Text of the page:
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The public is getting its clearest look at the government missteps that allowed a suspected terrorist to slip through post-Sept. 11 security and threaten lives on American soil.
The White House on Thursday planned to make public a declassified account of the near-catastrophe on a Detroit-bound flight on Christmas Day, and President Barack Obama was to address the nation about its findings and recommendations. Obama was also to reveal new steps intended to thwart terrorist attacks, as he promised earlier in the week.
No firings over the December security debacle are expected - for now, at least.
For an administration rocked by the breach of security, the day was meant to be a pivot point from an incident that has dominated attention.
"In many ways, this will be the close of this part of the investigation," White House press secretary Robert Gibbs said Wednesday.
In an interview published Thursday by USA Today, national security adviser Gen. James Jones said people who read the report will feel "a certain shock."
Elaborating, Jones said, "The man on the street ... will be surprised that these correlations weren't made" between clues pointing toward a threat from Umar Farouk Abdulmutallab. Even though the 23-year-old Nigerian man was in a database of possible terrorists, he managed to fly from Nigeria through Amsterdam to Detroit with an explosive concealed on his body.
For nearly the last two weeks, Obama and his team have spent an enormous amount of time responding to the near-disaster. The White House is eager to start moving public attention back to its efforts to expand health care and boost the economy, while careful to say Obama will be monitoring security improvements.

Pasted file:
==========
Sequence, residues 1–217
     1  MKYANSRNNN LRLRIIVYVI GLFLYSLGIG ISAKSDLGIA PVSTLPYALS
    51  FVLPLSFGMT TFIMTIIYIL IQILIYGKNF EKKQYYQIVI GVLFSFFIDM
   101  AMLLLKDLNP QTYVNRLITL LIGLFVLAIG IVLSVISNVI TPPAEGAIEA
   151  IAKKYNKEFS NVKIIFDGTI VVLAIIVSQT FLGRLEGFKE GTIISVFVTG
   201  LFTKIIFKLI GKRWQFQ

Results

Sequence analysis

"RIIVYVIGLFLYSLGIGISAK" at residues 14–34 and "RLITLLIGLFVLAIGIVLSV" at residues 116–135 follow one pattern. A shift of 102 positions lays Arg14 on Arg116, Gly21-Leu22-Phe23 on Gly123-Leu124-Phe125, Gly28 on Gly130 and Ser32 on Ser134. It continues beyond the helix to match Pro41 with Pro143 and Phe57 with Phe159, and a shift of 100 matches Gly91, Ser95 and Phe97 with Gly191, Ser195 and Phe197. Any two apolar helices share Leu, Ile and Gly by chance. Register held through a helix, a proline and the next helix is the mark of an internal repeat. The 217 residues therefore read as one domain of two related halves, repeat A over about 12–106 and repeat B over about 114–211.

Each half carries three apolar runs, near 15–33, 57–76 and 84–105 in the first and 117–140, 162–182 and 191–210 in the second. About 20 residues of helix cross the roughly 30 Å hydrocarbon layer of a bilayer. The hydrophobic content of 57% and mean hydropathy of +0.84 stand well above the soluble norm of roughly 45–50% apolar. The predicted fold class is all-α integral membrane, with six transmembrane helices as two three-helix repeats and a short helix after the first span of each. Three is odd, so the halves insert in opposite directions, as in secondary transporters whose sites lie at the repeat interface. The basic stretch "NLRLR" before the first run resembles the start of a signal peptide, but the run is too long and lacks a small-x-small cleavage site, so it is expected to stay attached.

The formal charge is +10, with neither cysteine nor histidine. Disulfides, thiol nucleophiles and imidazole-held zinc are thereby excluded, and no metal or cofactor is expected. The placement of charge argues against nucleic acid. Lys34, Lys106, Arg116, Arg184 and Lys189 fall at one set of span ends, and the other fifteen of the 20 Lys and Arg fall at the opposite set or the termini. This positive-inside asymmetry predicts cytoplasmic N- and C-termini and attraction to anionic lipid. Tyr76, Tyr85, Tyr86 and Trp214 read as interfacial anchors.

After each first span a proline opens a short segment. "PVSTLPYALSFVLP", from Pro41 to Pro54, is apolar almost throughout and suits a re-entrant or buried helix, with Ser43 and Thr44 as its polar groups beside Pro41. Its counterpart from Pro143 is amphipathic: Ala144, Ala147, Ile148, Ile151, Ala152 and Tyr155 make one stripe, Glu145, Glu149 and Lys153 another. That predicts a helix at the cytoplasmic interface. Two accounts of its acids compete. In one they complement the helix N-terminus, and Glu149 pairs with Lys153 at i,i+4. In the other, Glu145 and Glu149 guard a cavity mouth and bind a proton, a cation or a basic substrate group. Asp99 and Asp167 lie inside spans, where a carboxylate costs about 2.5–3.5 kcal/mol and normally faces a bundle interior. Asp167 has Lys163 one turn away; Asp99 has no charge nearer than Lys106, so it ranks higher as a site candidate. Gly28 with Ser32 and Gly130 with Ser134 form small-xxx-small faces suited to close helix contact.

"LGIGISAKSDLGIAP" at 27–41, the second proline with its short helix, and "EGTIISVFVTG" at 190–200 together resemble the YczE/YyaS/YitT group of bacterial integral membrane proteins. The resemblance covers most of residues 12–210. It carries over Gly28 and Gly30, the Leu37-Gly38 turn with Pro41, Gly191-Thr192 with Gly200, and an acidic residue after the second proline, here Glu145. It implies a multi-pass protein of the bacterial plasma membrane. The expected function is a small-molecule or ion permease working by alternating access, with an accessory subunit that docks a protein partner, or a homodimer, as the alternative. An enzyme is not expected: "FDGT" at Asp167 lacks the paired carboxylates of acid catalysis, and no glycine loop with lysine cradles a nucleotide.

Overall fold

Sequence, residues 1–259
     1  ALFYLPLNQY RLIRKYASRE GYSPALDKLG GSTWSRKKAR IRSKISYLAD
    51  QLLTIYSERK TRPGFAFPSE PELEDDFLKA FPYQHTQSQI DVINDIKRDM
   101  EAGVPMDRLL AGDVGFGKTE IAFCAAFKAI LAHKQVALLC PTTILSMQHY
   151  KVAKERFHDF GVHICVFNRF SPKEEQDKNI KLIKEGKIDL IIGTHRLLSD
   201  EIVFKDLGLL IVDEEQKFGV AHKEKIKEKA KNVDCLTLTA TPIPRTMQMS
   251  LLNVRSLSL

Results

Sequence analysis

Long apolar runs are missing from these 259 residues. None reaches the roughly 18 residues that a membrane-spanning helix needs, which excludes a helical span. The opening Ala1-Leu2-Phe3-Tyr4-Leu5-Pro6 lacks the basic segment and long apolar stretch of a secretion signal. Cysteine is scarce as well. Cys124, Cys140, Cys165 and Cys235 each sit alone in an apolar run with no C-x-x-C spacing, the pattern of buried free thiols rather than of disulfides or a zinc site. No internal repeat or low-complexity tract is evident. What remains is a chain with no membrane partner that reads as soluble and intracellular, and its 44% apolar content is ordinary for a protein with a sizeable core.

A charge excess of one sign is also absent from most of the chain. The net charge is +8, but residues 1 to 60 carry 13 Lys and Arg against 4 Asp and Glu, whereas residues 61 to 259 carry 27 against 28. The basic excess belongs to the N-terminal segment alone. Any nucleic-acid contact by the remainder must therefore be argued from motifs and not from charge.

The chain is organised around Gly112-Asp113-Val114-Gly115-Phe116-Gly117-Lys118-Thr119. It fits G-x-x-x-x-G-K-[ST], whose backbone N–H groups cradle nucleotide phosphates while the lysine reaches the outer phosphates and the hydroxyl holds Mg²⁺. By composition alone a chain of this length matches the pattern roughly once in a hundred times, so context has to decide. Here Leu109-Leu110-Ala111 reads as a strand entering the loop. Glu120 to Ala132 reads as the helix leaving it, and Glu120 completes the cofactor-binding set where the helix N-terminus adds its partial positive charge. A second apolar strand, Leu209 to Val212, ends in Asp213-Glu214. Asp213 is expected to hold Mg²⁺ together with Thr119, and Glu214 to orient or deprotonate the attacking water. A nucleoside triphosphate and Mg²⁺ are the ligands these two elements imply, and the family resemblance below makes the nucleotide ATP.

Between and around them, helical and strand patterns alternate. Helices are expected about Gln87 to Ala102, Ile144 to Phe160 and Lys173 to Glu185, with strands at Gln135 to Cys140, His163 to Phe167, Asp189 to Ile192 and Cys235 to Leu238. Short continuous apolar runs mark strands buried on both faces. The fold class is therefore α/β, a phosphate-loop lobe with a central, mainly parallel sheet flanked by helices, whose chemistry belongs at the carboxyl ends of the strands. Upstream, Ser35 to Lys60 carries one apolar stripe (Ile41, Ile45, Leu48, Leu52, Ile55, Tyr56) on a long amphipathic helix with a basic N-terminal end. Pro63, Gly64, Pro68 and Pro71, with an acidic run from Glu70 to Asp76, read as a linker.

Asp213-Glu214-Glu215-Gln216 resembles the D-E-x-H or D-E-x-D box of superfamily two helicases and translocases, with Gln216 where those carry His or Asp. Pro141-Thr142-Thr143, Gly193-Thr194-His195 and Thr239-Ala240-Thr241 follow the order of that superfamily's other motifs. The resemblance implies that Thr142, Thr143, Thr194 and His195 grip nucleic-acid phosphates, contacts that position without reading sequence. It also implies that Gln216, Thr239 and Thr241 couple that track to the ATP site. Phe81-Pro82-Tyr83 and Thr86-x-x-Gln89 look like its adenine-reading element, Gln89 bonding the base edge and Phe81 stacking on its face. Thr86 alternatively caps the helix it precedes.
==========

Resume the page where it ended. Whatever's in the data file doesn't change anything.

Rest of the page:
Abdulmutallab was indicted Wednesday on charges of attempted murder and other crimes for trying to blow up an airliner.
His father had warned U.S. officials that Abdulmutallab had drifted into extremism in the al-Qaida hotbed of Yemen, but that threat was never identified fully by intelligence officials, a breakdown that has drawn intense, candid criticism from the president himself.
Still, even with whatever details and improvements are revealed Thursday, questions will remain. Senate committees plan hearings later this month.
And it remains unclear whether any top officials from Obama's not-quite-year-old administration will be fired over the debacle.
"I don't know what the final outcome in terms of hiring and firing will be," Gibbs said.
He said no personnel announcements were expected Thursday.
Two legislative officials familiar with intelligence matters, one in the House and one in the Senate, said Wednesday that it appeared unlikely that anyone in the Obama administration would be fired over the incident. The officials spoke on condition of anonymity because of the sensitivity of the matter.
Obama's comments Thursday will be his sixth on the incident, encompassing two statements to reporters during his Hawaii vacation and two more from the White House, a written statement on New Year's Eve and his radio address last weekend.
The president blistered the intelligence community earlier this week, saying flatly that the government had enough information to uncover the plot and disrupt the attack. "It was a failure to integrate and understand the intelligence that we already had," Obama said.
Charlie Allen, the former head of collection at CIA, said the government suffers from a shortage of experienced intelligence analysts.
Analysts take pieces of information - like the disparate threads available before Christmas - look at them, correlate them, and then make a "very strong leap in order to reach a decision," Allen said. "It takes experience."
This program aired on January 7, 2010. The audio for this program is not available.
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